Home oxygen is indicated for hypoxemic CF children, i.e., those with the most severe lung disease. However, unless it provides symptomatic relief, our experience shows that most children are reluctant to undergo the treatment. Evidence for benefit has been hard to obtain, and the main study (which was small and had methodological problems) demonstrated an increased school attendance but, not too surprisingly, no effect on hospitalization or mortality.6 For this reason, home oxygen is best reserved for patients who get symptomatic benefit, and should not be used automatically as a response to low oxygen saturation levels.

Bronchopulmonary dysplasia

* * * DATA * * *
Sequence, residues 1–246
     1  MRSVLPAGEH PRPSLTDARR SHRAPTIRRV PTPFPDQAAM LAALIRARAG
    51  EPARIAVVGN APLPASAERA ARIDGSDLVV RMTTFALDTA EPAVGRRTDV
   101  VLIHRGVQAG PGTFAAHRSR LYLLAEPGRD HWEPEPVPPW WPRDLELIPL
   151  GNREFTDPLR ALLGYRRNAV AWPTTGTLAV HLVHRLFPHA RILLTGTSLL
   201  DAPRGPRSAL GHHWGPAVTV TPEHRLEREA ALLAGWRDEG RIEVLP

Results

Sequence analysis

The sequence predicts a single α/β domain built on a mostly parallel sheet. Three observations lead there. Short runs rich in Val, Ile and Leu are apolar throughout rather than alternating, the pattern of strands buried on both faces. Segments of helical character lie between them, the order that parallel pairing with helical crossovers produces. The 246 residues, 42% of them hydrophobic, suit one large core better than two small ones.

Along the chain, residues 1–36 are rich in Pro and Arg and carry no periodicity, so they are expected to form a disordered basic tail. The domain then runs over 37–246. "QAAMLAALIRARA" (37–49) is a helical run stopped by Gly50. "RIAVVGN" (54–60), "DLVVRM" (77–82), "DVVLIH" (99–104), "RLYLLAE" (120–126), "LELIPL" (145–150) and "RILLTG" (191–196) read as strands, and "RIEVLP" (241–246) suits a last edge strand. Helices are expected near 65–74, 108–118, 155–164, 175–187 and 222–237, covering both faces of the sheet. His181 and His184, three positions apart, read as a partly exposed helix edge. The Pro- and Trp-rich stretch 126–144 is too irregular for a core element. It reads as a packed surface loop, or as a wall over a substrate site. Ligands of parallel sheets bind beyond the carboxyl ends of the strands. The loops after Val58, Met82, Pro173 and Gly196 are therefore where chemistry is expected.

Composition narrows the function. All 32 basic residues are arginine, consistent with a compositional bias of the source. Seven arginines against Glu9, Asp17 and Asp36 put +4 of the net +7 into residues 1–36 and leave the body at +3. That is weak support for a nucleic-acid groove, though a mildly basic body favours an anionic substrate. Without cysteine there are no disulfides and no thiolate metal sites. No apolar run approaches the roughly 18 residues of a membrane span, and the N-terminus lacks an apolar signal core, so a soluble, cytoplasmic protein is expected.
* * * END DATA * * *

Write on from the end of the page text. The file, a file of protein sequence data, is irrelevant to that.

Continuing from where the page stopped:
This was the second commonest indication in São Paulo, accounting for 19% of cases. There is no surprise that it is being given to babies with chronic neonatal lung disease, as this is easily the condition with most evidence for benefit of long-term oxygen therapy. The benefits include high survival rates, possible reduction of sudden unexplained death in infancy, reduction or prevention of pulmonary hypertension, reduction of intermittent desaturations, reduction in airway resistance, improvement in neurodevelopment, and promotion of growth.1 There is also some evidence that delivering the oxygen at home is beneficial in terms of quality of life and psychological impact for the family, as well as reduction in health service costs.